Uovo in Studio City Takes Authenticity to a New Level When it Comes to Italian Fare

Made in Italy—almost.

Tagliatelle al Ragù

For aficionados of Italian food in LA, the goal is often to find dishes that are as authentic as possible. That’s certainly the case at UOVO, the Santa Monica-born restaurant that flies in temperature-controlled pasta overnight from Bologna. Their sfogline (people who hand-craft pasta) make fresh pasta using farm-fresh Italian eggs (uovo) in that ancient city. Two of UOVO’s co-founders, Rome natives Lele Massimini and his brother Carlo, say that they simply couldn’t replicate the pasta they revere using California eggs and hands. They take that same approach at UOVO’s fourth and newest location, which debuted in March at The Shops at Sportsmen’s Lodge.

UOVO sources their eggs exclusively from a purveyor outside Bologna. “They are of a much darker, deeper yellow/orange color. But far more importantly, they have a different density and viscosity, and the result is a pasta with a far superior texture and mouth feel that bonds with sauces in a whole different way,” co-founder Jerry Greenberg says.

Carlo also credits trusted sfogline for their superior pasta—specifically their remarkable skills that “simply come from a lifetime of repetition of making pasta in the old-school way.” UOVO’s pasta, Carlo adds, reminds him and his brother of the fresh pasta they grew up eating in Italy.

Yellowtail Crudo

The UOVO menu divides pasta into three categories—La Pasta di Bologna, La Pasta di Roma and Pasta Classica—and details key ingredients and backstories for many of their dishes. For instance, UOVO sourced their ragù recipe from Bologna’s Antica Trattoria della Gigina. They collaborated with Rome’s Trattoria da Danilo on their cacio e pepe recipe. 

Highlights include delectable ragù, featuring delicate tagliatelle, a generous pile of flat, medium-wide noodles topped with ground pork and grass-fed Wagyu beef from First Light Farms that coats the pasta beautifully after mixing. Their vongole (clam) pasta is also definitive, utilizing tonnarelli (spaghetti’s thicker, square-edged cousin), white wine sauce and chile flakes in a coveted Massimini family recipe.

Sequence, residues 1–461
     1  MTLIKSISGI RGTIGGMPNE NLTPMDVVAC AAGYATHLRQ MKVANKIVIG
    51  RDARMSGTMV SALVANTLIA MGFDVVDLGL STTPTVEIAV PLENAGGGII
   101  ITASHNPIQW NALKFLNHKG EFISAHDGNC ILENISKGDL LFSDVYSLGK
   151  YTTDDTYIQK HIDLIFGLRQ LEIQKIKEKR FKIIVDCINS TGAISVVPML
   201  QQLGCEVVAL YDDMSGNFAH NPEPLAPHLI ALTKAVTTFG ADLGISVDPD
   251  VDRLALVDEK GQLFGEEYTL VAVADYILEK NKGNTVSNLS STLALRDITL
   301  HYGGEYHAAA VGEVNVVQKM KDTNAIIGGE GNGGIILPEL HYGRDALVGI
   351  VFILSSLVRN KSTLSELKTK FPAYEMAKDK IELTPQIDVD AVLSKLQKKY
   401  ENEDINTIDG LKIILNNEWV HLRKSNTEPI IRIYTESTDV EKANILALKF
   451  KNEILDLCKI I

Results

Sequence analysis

The focused menu offers just 15 pasta preparations. At the higher end, tagliatelle tossed with white truffle butter sauce runs $25. Other pastas cost between $17 and $19, a relative bargain given the efforts involved.

UOVO’s most noteworthy menu addition since debuting in 2017 has been their three tasting menus—Classic, Cheese & Truffle, and Regional. Each serves for two people and includes a starter like yellowtail crudo or hand-cut beef tartare, three pastas, and unique tiramisu served in a glass inspired by Rome’s Felice a Testaccio restaurant. Lele considers these tasting menus the best way to experience UOVO.

Most of the menu is available for takeout, but a few dishes are excluded. “While some pastas after 20 or 30 minutes are still good enough for us to be comfortable serving, others are not, as they simply don’t travel well and really don’t meet our quality standards when served to go,” Carlo says. Pastas like cacio e pepe, tagliatelle al tartufo and carbonara are among those available for dine-in only.



LA has more interesting Italian restaurants now than ever before, but UOVO stands out from the pasta pack thanks to a consistently clear commitment to craft and sourcing.

UOVO  |  12833 Ventura Blvd., Studio City  |  @uovopasta